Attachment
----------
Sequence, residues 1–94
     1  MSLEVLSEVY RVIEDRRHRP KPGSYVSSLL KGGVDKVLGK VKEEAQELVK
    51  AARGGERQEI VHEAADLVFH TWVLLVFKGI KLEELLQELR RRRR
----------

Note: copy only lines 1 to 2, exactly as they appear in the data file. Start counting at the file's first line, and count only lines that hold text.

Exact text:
Sequence, residues 1–94
     1  MSLEVLSEVY RVIEDRRHRP KPGSYVSSLL KGGVDKVLGK VKEEAQELVK